"The emperor and the pope were to realize the ideal Christian state by uniting wholeheartedly to follow the will of God. The spiritual kingdom ruled by the pope, which had been founded upon the spiritual foundation for the Messiah, and the temporal kingdom ruled by the Emperor should have united based on Christ's teachings. Had they done so, religion, politics and economy would have harmonized, and the foundation for the Second Advent of Christ would have been established at that time" (Exposition of the Divine Principle, 319). The Pope's task was to "lay the spiritual foundation upon which the emperors could stand." Unfortunately, human greed and ambition intervened and subsequent popes became more interested in worldly power. "The popes and priests, sunk in immorality, gradually lost the confidence of the people" (324). As a consequence of this failure by Pope and Emperor, the Babylonian Captivity of the Papacy occurred.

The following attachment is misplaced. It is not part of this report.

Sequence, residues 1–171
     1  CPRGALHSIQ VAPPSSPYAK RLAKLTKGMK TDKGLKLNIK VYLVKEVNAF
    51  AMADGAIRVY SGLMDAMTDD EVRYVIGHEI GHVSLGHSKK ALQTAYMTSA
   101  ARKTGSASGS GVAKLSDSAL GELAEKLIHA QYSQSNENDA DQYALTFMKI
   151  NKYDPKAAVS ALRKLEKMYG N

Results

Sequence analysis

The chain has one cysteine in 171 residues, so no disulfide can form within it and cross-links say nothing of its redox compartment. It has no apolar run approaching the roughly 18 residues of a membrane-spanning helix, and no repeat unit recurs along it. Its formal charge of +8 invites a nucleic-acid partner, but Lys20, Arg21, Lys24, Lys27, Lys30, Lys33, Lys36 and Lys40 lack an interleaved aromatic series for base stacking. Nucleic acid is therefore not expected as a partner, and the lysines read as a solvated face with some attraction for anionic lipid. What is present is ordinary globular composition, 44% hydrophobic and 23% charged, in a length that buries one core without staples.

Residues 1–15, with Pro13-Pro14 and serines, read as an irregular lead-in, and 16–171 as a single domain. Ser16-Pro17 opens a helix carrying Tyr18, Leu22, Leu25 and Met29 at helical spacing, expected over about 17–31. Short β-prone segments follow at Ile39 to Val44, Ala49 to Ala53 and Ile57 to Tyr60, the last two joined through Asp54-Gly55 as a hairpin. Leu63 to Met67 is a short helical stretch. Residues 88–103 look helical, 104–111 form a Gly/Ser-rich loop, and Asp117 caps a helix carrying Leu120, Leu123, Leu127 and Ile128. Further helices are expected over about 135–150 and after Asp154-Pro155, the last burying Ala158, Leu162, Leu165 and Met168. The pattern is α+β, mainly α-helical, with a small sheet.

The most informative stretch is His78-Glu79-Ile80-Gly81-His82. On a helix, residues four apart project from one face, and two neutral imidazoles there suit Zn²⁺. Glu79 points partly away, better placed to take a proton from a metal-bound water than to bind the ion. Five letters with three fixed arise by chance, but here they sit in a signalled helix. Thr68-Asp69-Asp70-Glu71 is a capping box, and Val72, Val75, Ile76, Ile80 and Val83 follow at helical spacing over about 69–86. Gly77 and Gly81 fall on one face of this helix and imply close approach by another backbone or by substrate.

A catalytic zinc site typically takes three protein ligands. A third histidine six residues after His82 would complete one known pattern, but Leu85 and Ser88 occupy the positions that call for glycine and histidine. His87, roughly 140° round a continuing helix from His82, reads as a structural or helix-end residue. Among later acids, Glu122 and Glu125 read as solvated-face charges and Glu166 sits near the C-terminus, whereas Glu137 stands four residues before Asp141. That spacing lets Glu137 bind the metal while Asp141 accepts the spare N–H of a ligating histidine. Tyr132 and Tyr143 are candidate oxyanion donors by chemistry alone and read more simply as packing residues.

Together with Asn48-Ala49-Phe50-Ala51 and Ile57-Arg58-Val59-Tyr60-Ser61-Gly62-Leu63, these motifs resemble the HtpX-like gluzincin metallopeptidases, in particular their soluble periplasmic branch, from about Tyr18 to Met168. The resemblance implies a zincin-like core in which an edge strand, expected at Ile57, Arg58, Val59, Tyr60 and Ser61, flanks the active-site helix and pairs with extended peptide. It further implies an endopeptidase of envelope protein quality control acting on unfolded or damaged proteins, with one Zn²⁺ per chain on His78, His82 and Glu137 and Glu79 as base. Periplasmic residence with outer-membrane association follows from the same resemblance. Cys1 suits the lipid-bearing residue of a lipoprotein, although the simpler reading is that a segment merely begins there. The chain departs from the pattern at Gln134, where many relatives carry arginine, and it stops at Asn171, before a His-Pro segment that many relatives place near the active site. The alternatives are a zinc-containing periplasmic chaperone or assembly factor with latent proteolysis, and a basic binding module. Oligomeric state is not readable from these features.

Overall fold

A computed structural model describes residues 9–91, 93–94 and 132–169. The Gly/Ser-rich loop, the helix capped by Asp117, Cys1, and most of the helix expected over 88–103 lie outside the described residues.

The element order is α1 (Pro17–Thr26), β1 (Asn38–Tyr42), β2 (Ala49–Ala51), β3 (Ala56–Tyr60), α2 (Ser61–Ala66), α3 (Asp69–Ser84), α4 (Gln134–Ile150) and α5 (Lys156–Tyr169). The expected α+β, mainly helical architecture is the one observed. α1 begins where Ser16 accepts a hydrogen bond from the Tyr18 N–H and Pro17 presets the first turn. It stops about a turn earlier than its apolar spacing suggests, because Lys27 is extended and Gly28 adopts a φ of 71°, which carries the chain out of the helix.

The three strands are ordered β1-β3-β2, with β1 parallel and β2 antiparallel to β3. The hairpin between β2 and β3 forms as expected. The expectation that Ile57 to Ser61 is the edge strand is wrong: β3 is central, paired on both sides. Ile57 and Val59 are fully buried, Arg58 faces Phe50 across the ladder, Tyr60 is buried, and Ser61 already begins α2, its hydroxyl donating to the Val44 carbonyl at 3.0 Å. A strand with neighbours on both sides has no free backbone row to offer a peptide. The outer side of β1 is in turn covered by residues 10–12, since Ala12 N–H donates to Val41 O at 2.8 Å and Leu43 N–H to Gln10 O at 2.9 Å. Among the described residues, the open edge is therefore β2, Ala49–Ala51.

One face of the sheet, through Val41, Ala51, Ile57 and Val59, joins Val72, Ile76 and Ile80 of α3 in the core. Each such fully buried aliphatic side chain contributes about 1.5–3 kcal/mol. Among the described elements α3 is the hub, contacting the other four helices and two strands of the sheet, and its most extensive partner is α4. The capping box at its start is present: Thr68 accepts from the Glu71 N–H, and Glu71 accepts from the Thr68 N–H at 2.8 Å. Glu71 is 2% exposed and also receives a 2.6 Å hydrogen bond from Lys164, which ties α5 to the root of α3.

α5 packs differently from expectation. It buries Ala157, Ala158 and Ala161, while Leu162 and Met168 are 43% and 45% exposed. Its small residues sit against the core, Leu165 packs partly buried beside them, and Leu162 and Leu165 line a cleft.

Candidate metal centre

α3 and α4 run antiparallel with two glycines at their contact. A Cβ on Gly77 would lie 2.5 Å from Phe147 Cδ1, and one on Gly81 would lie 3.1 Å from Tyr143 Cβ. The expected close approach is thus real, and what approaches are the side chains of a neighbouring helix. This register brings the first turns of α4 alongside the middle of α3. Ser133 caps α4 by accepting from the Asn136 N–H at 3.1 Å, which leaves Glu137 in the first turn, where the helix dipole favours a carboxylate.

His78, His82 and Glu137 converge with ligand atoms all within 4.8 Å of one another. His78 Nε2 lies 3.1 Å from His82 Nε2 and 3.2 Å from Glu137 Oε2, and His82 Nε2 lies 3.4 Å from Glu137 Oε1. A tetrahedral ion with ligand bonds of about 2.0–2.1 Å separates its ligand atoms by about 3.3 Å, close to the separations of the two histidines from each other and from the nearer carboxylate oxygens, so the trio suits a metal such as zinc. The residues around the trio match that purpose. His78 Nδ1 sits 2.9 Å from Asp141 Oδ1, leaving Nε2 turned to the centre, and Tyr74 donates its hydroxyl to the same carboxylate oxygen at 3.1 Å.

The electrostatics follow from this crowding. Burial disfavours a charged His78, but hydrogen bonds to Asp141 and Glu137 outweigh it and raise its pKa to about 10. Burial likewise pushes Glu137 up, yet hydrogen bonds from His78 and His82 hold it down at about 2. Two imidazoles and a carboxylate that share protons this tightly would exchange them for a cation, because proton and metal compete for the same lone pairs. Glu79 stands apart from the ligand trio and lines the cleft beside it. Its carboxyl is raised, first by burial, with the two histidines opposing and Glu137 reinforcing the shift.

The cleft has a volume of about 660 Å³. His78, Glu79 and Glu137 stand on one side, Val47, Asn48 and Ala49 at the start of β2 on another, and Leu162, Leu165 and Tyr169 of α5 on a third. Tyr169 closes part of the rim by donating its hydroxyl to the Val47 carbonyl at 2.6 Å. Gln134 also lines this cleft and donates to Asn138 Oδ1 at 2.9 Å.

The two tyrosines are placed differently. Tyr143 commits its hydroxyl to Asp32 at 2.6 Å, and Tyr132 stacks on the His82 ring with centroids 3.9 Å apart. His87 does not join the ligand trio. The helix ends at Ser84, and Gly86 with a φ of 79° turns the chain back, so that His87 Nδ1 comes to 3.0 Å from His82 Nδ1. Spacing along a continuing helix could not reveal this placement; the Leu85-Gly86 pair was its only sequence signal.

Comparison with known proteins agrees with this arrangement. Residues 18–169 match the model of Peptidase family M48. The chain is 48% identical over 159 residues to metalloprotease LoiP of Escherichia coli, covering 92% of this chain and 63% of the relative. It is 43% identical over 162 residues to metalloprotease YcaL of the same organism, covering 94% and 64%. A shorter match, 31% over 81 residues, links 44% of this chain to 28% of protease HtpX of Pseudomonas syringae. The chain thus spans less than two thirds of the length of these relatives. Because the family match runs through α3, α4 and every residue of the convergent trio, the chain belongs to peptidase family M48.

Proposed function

- The Divine Principle sees certain periods in history as providentially retrogressive yet as also making amends for human error. It speaks of "parallel providential periods" which occur when a "central figure" or figures, in this instance the Popes, fail in their responsibility. Thus, the period of Babylonian Exile of Israel lasted for "two-hundred and ten years" because "its people had fallen into corruption and idolatry" and the same period was repeated when the popes were exiled in Avignon, "having become corrupt, Pope Clement V was forced to move the papacy from Rome to Avignon and live there subject to the kings of France" (309). The "period of 210 years was the substantial parallel to the 210-year period of Israel's exile and return, and its purpose was to restore that earlier period through parallel indemnity conditions." The preoccupation of the papacy with worldly power and its rivalry with temporal authorities was remedied after the return from exile, when the Counter-Reformation instituted many changes, and made spiritual leadership the main role of the Bishop of Rome.